Writing Better News Articles

Tuesday, March 8, 2011

Being a journalist today is one thing, but being able to write successful, distinguished articles is another.

So what is the different between a mediocre journalist and an extraordinary one?

There's plenty of opinions suggesting what that is, but here's five tips that won't hurt on your path to being a successful journalist.

1. Focus your important information into the beginning of your article.
One thing you need to know as a journalist is your general audience is pressed for time. Therefore getting all the most important facts down first is key to keeping the audience interested and reading. The format using this style is the inverted pyramid technique and at the end you can summarize what you wanted to accomplish in the beginning.

2. Stay fresh
When your writing an article do you write almost the same way every time? If your pattern is becoming predictable, it's time to switch it up. Change your style a little and switch up the vocabulary. Find ideas and work to be creative with your articles.

3. Receive feedback
Another great way to improve is to get constructive feedback. Try finding a good writer, editor, or someone who reads a lot. When you get intelligent and honest feedback just listen and try to understand the criticism. Accepting it will help you improve and become a better writer in general.

4. Check and recheck
One basic rule of good journalism is to check and recheck those facts. Giving false facts can lead to trouble and an untrusting audience. Checking and rechecking also applies to grammatical and contextual aspects. If your a sloppy writer then your credibility will also become sloppy. Writers do make mistakes from time to time, but checking your work will save you more times than not.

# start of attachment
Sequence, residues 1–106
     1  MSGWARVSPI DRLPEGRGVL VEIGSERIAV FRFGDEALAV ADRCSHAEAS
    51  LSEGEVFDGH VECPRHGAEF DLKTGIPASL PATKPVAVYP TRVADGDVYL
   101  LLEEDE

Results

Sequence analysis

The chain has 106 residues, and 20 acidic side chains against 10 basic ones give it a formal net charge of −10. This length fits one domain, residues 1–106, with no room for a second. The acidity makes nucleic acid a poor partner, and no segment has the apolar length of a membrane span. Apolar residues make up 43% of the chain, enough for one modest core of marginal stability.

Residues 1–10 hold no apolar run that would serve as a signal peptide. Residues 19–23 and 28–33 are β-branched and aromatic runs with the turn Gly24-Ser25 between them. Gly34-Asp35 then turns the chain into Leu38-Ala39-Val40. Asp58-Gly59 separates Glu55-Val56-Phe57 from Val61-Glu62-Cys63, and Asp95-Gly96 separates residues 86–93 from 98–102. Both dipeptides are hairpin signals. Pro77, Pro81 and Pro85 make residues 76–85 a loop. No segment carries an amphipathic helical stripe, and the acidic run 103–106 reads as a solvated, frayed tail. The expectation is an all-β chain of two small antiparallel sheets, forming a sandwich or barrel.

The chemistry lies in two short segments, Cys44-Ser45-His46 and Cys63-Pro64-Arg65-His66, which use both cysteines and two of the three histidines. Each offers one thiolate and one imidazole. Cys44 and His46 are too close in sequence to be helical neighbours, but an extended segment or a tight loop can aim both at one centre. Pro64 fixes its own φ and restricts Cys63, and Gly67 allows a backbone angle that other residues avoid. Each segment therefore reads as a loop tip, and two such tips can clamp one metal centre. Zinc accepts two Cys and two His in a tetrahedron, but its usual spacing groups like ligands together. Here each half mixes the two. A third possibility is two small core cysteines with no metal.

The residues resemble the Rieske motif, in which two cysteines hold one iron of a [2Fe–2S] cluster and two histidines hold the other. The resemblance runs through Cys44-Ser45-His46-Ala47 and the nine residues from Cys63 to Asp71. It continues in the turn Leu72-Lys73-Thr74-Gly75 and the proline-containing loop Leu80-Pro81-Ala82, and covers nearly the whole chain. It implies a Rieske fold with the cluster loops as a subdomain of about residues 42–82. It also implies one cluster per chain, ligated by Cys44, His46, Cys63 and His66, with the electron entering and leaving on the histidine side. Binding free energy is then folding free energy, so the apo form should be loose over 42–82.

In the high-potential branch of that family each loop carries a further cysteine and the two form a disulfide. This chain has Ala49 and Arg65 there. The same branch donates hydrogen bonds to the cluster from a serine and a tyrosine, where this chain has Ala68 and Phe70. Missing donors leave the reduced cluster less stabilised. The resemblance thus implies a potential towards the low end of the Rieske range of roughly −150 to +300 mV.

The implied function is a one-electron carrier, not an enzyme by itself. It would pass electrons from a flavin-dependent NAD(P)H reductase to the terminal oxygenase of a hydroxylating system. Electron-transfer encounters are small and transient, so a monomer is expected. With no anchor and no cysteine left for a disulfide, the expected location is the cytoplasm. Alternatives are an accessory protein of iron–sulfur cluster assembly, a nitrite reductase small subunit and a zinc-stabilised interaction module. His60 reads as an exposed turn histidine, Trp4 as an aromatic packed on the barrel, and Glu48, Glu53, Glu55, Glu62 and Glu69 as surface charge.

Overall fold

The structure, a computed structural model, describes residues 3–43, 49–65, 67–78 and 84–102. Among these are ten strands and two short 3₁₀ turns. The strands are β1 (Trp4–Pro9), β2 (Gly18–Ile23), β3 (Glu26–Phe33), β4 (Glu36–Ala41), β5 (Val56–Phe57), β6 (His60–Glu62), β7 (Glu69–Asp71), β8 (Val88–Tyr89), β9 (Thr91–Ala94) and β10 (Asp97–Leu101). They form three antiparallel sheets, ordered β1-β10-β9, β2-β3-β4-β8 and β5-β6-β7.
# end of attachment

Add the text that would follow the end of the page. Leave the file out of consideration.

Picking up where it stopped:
5. Write what you love
I believe this is one of the most important things for a journalist. Simply put, you need to be passionate about what you write about. When you write about things that don't interest you, it shows in your writing. The article will then become dull, disengaging, and uninformed. Stay with what interests you and it will come out into your writing. When you find your voice as a journalist just let it shine.

These aren't the only tips you need to become the successful journalist I know you're striving for, but these were the 5 I thought were most important in my opinion. Nevertheless, these and other skills will surely help you on your way to being a great and outstanding journalist.

Photo Credit: designthinkingblog.com via Creative Commons


There Are No Breaks in Journalism

So everyone is excited for spring break, right?

Trips to the Bahamas, Panama City, Cancun, Orlando, Los Angeles or anywhere warm. No tests. No projects. No annoying roommates.

I know I am.

However, when studying to become a journalist, there is one main thing that a person has to realize: there are no 'spring breaks' in journalism. There are no breaks. Period.

News is always being made, locally, nationally, and internationally. Murders. Earthquakes. Car accidents. Winter weather.

The key to being a successful journalist is to stay in touch with the news, especially when going on vacation.

One way to do this is fairly simple: get a smartphone. Be it an iPhone, Blackberry or Android, these devices can keep you connected even while on vacation.

By giving you access to thousands of applications, smartphones can keep you logged in to your Twitter, Gmail and Facebook. They can also give you access to news sites like Fox News or the New York Times so you can catch up on the latest stories while on the go.

Another way to keep up on the news while on vacation is to watch the local news on television before you go to bed at night and when you wake up in the morning. Although you won't be updated on your local news, you will still be able to hear about major national and international events.